These are classic symptoms of stress leaving the body and it’s known as decompressing or completing the stress response cycle. And the same is true for you. So,even if you’re not being chased by a lion, the stress of your work, family, or relationships can still hunt you down and leave you shaking. And trying to have sex while you’re going through the stress process is a terrible idea because you won’t be able to enjoy it until the cycle is complete. So, what do you do if you want to hurry through the process and start having fun again? Well, you can’t rush the cycle, but you can try some healthy outlets for expressing your stress that may help it dissipate sooner. For example, you can release tension through exercise, sleep, relaxing in whatever way makes you feel most comfortable, or even crying or screaming.
However, while these outlets work for most people, the process may be a little more complicated for those who have suffered sexual trauma. In fact, many survivors continue to feel stressed in any sexually charged situation long after the danger is over. So, if you’ve been through a traumatic experience and your instinct in any sexual situation is to basically play dead, that’s normal. But unfortunately, that can also prolong your cycle of healing, which means that it will take longer for you to find closure. And until you do, it’s highly likely that you’ll perceive almost any sexual situation as threatening. However, it is possible to calm down and attain a sense of peace while you’re trying to have sex and practicing mindfulness can help with that.
Chapter 5: Pop Culture Can Ruin Our Sex Lives
What person — male or female — hasn’t snuck a glance at the tabloids which line the supermarket checkout counters? After all, they’re so in your face, you can’t really help it! But unfortunately, our interaction with pop culture can have lasting negative impressions on our sex lives. For example, it’s no secret that the media bears a great deal of responsibility for feeding negative body image and insecurity in women. And because women’s bodies are perpetually portrayed in highly unrealistic ways, it’s no surprise that many women feel insecure in the bedroom because they’re measuring themselves against photoshopped standards of “ideal female beauty.” And it’s pretty hard to feel sexy when you’re overwhelmed by feelings of disgust about your own body!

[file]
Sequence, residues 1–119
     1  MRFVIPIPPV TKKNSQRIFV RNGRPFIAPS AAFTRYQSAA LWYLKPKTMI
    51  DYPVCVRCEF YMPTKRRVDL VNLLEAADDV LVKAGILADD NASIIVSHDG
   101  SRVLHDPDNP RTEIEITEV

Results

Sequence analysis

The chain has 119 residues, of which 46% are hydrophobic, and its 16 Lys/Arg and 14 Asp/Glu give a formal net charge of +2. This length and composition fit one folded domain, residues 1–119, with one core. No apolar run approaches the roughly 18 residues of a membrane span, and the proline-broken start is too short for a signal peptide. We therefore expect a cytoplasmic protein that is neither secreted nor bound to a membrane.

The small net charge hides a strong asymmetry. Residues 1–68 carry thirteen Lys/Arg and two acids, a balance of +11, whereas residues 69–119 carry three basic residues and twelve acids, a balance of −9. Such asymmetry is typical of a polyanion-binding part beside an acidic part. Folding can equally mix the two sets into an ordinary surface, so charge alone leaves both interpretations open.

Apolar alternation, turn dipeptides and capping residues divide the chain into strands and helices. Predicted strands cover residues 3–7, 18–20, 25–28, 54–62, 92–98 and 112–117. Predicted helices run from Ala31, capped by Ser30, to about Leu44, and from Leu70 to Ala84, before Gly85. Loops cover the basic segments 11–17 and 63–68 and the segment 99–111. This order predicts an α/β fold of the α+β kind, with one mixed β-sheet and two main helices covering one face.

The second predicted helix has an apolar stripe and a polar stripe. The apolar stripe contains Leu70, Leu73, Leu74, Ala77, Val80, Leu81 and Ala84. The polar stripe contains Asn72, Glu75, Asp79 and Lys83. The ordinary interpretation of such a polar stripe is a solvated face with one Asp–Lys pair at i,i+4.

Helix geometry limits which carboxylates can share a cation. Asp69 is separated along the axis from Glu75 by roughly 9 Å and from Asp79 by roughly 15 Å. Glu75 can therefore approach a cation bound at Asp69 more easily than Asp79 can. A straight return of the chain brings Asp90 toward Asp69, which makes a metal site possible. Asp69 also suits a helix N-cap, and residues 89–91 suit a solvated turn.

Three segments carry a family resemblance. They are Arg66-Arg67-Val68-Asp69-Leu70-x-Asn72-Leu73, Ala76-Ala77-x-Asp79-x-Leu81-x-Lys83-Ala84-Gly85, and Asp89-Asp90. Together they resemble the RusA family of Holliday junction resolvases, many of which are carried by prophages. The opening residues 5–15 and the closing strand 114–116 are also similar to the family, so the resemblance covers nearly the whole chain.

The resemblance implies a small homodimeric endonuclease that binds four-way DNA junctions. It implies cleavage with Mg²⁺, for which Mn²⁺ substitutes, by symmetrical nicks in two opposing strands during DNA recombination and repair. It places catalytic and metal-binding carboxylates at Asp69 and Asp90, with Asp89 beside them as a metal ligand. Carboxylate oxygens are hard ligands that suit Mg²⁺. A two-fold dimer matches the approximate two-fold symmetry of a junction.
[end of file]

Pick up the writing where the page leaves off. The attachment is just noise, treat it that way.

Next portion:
But the misrepresentation doesn’t stop at a woman’s physical appearance. The female sexual experience is also heavily manipulated by the media’s message that women should enjoy every sexual position, every naughty little kink, and every piece of lingerie Victoria’s Secret has to offer. This generates a uniquely repulsive catch-22, however, because if you do enjoy the things that are so aggressively pushed on you, you’re considered slutty. But if you don’t, you’re frigid or a prude. And if you look at the wealth of mixed messages which are targeting women, it becomes readily apparent that every aspect of the way female sexuality is represented in the media isn’t just confusing — it’s completely off base.
So, how can you purge your life off these toxic influences? One great place to start is by tossing the magazines and celebrating your own beauty. Acknowledging that your body, your vagina, and your feelings are normal is an awesome first step towards self-acceptance. And it may also help to know that, in 2012, scientists combed through 20 years of research on the correlation between body image and sexual experience and concluded that your self-image influences every single aspect of your feelings about sex. From arousal to desire to your orgasm, how you feel about your body will determine how good you feel in bed, even down to your willingness to take risks and open up to your partner. So, if you take away only one thing from this chapter, it should be the fact that practicing self-acceptance and improving your body image can literally save your sex life (not to mention your mental health!)
Chapter 6: Just Because Your Genitals Are Responding, It Doesn’t Mean You’re Aroused
If you’re like most people, your partner’s arousal is probably one of your favorite parts about sex. After all, it feels pretty good to know that you can bring them so much pleasure. But did you know that a physical response can sometimes be involuntary and doesn’t actually mean your partner is aroused? This is especially true in the case of women, as studies which measured blood flow to the vagina have shown that textbook “arousal responses” aren’t always a good indicator of your partner’s true satisfaction. In this study, scientists measured the arousal responses of both men and women while they were watching pornographic videos. The participants were asked to report how aroused they felt in any given moment by turning a dial.